When the American Automobile Association recently conducted tests to assess the performance of headlights found on vehicles sold in America, they found that halogen headlights (found on 80 percent of vehicles) do not illuminate the road ahead as well as high-intensity discharge (HID) and light-emitting diode (LED) lamps.
Of particular concern is the fact that halogen headlights in low-beam settings cannot keep pace with the speed of the vehicle. At 55 miles per hour, drivers need to see about 500 feet ahead to distinguish an object, react, and stop. However, most halogen headlights in low-beam mode project only 300 feet ahead. To compensate, drivers must use their high beams, but only one-third of drivers admit to doing so regularly.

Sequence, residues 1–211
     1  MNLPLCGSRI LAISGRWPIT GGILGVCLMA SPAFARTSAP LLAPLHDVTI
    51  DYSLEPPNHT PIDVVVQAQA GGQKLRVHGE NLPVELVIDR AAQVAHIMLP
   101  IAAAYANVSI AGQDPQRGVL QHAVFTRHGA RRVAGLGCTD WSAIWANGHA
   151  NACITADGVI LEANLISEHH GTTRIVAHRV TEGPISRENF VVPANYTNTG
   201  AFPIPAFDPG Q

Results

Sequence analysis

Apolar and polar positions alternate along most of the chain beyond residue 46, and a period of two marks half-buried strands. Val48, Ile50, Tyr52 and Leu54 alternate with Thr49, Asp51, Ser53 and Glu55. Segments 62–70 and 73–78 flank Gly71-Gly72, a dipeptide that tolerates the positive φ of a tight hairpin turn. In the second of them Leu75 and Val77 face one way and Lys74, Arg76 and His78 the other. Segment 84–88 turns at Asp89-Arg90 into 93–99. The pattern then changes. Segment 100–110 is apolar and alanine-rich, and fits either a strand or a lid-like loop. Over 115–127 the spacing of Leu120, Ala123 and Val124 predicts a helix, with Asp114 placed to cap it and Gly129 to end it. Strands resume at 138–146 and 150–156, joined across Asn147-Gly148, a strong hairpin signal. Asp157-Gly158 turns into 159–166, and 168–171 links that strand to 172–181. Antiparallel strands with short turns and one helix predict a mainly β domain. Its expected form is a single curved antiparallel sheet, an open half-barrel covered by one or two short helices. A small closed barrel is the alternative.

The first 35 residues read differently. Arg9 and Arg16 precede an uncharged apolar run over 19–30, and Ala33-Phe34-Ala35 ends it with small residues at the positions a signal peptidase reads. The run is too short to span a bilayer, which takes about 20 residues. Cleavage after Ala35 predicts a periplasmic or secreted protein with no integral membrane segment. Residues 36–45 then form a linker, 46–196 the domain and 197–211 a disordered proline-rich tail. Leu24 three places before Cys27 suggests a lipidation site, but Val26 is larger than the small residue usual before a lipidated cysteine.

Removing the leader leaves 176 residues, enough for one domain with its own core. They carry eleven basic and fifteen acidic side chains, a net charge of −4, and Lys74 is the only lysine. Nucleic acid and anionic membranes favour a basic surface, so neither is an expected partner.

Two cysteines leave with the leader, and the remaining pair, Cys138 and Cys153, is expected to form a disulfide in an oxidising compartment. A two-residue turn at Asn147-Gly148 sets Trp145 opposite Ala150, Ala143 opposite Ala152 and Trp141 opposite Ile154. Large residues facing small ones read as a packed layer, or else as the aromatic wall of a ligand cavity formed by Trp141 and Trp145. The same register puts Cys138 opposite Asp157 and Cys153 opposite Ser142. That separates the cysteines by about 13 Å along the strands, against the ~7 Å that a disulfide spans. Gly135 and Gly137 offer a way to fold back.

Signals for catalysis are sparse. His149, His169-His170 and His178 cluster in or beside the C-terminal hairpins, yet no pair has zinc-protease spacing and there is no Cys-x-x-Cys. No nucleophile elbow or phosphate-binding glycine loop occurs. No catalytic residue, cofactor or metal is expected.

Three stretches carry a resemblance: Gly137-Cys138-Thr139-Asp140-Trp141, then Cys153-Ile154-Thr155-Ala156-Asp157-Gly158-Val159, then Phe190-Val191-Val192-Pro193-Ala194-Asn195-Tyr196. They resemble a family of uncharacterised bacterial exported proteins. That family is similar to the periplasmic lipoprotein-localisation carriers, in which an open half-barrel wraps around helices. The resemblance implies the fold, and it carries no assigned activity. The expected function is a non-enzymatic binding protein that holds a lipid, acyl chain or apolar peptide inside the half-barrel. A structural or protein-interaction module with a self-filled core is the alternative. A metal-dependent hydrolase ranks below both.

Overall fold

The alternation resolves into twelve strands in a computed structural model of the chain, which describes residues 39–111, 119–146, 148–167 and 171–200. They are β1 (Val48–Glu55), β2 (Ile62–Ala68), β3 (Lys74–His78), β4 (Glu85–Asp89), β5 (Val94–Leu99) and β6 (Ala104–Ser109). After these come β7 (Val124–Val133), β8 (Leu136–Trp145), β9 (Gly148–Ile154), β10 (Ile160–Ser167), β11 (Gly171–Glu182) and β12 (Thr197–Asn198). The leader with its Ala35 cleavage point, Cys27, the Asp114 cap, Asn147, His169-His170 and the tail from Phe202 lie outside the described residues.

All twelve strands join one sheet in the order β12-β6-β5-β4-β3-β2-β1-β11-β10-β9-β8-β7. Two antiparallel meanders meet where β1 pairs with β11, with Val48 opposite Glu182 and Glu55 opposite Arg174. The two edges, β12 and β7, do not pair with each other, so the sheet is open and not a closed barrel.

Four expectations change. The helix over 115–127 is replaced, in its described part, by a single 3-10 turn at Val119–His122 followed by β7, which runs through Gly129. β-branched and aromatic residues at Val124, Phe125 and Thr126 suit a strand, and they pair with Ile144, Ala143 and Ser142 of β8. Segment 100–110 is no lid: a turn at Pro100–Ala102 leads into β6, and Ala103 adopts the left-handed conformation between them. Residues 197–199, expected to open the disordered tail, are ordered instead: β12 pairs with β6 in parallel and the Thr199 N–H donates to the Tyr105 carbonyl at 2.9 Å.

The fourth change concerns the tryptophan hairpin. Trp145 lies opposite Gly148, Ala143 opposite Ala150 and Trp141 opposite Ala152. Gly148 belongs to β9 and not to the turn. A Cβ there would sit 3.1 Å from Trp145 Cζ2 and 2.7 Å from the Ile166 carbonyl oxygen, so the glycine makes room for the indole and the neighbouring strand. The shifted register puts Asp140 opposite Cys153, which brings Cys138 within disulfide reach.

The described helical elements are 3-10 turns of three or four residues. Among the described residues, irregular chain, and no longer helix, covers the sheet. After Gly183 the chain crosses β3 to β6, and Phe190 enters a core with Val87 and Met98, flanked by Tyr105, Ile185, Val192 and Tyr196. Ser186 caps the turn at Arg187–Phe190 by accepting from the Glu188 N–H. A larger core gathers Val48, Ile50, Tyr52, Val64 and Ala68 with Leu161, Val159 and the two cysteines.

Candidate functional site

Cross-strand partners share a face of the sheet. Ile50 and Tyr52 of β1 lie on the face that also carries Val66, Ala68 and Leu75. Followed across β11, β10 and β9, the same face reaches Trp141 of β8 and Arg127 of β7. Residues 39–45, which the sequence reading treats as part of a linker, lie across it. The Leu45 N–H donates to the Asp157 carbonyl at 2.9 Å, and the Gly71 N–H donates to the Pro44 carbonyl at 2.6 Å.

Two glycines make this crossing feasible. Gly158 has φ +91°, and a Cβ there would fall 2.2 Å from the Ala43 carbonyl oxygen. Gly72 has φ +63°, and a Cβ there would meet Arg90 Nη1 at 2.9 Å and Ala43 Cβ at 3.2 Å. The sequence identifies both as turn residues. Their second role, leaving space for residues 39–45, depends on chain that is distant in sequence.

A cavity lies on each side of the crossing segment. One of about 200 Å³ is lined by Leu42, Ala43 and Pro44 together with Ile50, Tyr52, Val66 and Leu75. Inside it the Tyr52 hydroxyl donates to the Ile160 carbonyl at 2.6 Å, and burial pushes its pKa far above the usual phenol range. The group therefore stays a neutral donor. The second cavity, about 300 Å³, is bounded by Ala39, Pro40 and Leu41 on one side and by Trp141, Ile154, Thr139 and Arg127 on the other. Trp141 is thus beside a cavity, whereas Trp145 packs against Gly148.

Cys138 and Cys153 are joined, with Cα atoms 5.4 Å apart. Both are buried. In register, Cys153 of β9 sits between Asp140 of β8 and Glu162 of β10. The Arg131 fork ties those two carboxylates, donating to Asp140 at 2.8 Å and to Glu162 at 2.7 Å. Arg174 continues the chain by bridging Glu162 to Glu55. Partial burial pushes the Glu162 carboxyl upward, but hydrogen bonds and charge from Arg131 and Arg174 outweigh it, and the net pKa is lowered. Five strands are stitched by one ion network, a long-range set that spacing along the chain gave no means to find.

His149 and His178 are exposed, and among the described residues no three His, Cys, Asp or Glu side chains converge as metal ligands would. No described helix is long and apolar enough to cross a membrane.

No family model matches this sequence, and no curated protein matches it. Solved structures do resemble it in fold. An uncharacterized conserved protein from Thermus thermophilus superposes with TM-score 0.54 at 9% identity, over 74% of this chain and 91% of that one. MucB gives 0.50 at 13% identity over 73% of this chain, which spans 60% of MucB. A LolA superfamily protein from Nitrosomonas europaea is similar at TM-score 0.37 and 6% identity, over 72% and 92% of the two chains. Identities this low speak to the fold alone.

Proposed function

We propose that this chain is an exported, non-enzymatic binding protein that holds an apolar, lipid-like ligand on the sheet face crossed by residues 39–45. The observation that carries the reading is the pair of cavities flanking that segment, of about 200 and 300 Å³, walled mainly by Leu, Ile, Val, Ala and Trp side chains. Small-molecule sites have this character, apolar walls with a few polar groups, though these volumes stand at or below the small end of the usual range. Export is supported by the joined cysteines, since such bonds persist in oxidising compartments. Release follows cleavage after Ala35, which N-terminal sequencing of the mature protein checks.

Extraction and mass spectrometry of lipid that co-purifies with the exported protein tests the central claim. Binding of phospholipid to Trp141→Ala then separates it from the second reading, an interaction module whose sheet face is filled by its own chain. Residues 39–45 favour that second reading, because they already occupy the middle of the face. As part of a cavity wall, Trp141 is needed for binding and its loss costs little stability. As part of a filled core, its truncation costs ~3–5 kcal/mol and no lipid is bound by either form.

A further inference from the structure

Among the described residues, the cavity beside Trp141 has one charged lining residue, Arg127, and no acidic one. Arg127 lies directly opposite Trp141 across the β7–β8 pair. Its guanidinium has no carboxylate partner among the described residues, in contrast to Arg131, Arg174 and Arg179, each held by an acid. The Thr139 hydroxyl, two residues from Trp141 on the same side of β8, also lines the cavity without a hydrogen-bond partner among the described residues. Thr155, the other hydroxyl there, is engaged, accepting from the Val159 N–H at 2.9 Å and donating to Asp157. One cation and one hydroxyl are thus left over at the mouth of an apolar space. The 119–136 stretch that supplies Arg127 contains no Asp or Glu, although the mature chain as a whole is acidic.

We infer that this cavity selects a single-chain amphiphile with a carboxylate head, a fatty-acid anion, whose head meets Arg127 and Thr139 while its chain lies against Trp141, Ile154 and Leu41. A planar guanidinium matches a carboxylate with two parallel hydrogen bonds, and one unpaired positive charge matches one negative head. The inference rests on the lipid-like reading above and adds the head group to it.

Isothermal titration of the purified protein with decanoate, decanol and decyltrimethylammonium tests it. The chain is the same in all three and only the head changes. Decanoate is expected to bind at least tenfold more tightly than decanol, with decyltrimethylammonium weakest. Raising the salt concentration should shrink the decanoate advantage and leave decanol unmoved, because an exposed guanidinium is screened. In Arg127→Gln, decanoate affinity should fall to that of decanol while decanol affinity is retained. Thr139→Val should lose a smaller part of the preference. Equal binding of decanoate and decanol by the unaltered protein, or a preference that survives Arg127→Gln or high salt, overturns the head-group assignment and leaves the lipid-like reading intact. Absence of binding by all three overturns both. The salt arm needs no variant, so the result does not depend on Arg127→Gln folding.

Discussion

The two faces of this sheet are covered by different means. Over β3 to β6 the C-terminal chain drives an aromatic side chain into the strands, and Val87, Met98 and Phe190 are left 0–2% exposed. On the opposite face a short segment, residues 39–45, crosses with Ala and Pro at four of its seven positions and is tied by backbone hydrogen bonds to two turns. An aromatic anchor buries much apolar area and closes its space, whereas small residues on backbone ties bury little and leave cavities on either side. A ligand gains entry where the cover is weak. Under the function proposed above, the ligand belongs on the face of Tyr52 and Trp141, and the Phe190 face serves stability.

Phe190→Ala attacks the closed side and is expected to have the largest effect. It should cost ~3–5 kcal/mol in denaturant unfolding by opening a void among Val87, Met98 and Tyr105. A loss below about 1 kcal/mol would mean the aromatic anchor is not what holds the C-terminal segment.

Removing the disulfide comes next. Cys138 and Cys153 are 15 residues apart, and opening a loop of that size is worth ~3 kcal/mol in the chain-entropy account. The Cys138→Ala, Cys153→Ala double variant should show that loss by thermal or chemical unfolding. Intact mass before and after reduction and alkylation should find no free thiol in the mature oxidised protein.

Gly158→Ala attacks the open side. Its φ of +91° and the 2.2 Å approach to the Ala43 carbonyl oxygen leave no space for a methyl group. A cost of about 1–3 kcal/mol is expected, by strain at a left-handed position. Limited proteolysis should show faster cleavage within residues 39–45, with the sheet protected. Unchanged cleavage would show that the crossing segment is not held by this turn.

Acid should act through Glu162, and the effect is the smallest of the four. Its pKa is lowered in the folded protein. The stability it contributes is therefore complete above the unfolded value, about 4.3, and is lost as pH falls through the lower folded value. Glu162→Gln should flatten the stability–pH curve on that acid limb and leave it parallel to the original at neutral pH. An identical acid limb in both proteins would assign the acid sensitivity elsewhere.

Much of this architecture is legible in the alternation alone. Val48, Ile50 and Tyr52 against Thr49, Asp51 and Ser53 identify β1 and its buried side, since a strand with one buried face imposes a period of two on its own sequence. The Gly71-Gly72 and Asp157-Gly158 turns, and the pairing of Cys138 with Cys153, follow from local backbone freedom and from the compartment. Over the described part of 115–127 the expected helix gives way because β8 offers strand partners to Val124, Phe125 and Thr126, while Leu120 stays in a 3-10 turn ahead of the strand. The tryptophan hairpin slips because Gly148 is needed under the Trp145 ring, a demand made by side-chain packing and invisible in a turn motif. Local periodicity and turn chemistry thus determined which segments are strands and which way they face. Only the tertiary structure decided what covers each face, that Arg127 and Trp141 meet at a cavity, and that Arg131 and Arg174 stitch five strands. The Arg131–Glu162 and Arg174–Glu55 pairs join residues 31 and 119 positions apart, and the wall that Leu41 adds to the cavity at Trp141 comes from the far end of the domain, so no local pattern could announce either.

TIP: According to the tests mentioned above, the low beams on high-intensity discharge lights illuminate up to 400 feet of the road, while their light-emitting diode counterparts provide up to 450 feet of illumination.
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